On the question of special assistance for publicity, let me say at the outset that the Board of Trade has had no request from the Institution for a special grant for the specific purpose of publicising the Kite mark. But, even sup- 1884 posing that such an idea were advanced for serious consideration, I frankly confess that I do not see what could reasonably be done about it at the present time. This issue of the Kite mark is not self-contained. It is part of the whole question of consumer protection which the Molony Committee has under review. I believe that it would be out of the question to take action on one aspect of the problem without the Committee's advice, and equally out of the question to expect the Committee to give advice on that one aspect in advance of its overall judgment. I do not know which horse the Committee on Consumer Protection will back, but I do know that, having invited the advice of as competent a body as one can find, it is the height of folly to invest large sums of the taxpayers' money in advance of that advice.
It has also been suggested that the Government should make the requirement of the British Standard compulsory. This, again, is within the province of the Molony Committee. I would have the gravest doubts in suggesting in advance, even if it were in order this afternoon, the possibility of legislation on these lines. If such a suggestion were made, it would doubtless prove controversial, and I can well see that strong opinions would be held on both sides as to whether compulsory standards were or were not required.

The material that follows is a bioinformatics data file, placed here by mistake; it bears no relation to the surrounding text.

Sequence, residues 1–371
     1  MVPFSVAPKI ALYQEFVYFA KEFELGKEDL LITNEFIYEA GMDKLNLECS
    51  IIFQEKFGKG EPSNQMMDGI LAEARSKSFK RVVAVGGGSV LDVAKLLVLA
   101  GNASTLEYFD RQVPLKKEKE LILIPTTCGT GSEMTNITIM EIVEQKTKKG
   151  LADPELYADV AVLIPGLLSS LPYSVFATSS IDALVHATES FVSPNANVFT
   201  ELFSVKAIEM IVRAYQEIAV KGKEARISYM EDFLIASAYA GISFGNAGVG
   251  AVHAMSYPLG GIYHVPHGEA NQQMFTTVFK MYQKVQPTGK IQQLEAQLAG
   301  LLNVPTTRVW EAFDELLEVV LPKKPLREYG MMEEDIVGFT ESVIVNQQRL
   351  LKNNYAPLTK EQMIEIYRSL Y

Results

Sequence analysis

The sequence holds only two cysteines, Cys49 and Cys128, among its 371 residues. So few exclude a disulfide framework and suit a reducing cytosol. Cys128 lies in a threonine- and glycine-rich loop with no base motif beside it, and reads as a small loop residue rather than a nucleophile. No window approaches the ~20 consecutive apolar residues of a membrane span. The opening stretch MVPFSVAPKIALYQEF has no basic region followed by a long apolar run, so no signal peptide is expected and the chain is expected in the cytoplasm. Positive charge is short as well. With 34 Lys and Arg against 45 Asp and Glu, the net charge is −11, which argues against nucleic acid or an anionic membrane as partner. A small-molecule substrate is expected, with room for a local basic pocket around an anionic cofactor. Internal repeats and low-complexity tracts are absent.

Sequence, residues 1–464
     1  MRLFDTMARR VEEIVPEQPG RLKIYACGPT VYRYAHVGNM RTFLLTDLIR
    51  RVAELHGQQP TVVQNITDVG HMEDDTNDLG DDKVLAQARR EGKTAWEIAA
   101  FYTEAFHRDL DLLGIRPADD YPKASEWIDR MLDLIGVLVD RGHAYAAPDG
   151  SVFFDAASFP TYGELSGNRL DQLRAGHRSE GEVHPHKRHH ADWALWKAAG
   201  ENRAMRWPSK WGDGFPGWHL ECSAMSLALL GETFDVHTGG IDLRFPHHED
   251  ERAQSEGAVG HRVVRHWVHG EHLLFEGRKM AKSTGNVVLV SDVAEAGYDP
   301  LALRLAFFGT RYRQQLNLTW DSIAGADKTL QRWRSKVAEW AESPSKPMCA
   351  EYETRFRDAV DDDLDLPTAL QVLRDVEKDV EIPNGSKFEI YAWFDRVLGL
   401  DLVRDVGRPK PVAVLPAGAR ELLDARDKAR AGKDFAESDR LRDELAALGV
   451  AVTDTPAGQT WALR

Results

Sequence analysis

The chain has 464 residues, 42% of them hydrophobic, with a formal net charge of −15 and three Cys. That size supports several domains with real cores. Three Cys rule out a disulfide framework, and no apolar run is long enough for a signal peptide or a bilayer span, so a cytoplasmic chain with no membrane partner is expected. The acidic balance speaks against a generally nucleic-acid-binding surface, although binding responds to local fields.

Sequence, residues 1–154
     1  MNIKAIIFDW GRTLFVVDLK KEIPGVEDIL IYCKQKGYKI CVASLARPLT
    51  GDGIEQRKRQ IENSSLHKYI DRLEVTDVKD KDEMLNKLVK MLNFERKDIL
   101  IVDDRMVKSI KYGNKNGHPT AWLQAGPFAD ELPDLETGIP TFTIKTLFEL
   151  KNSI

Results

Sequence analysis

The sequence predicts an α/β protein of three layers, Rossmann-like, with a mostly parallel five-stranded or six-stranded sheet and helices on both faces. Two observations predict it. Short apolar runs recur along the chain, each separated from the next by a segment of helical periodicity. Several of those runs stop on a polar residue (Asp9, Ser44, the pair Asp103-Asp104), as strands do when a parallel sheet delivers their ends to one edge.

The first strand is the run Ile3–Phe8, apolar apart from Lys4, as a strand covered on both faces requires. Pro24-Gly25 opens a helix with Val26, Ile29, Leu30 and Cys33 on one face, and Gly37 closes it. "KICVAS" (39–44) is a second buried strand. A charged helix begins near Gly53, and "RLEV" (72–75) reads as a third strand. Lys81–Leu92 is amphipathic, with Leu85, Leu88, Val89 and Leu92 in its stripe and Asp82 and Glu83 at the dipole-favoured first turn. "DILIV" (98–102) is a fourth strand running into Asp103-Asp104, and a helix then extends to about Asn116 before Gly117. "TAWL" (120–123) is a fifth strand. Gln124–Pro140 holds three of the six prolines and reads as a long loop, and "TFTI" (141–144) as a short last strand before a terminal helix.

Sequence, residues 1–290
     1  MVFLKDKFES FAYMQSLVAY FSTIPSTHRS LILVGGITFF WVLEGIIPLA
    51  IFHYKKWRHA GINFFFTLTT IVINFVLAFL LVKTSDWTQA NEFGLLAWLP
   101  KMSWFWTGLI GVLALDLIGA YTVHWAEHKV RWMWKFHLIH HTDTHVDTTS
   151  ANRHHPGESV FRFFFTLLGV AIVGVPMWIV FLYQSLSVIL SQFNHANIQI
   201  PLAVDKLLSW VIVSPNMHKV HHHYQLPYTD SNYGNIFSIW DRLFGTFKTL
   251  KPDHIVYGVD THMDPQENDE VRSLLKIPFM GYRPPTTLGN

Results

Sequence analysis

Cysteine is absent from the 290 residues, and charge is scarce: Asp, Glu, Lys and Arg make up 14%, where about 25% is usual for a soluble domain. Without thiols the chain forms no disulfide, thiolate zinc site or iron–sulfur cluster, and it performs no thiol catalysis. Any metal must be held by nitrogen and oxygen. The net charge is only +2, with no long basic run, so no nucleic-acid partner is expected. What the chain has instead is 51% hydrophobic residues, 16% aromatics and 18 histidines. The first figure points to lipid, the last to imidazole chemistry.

I now come to the suggestion that there are a number of British Standards which are, in the light of today's knowledge, obsolete. The hon. Lady mentioned particularly oil heaters in this regard. I think that her general contention may very well be true, though we ought not to exaggerate the magnitude of this problem. What we have to remember here, I think, is that a British standard incorporated in a Kite mark can be regarded only as a "good pass". With improvements in practice and in our knowledge of how to make and use things and the evolution of new methods of testing things, the standard of the "good pass" can be, and should be, raised.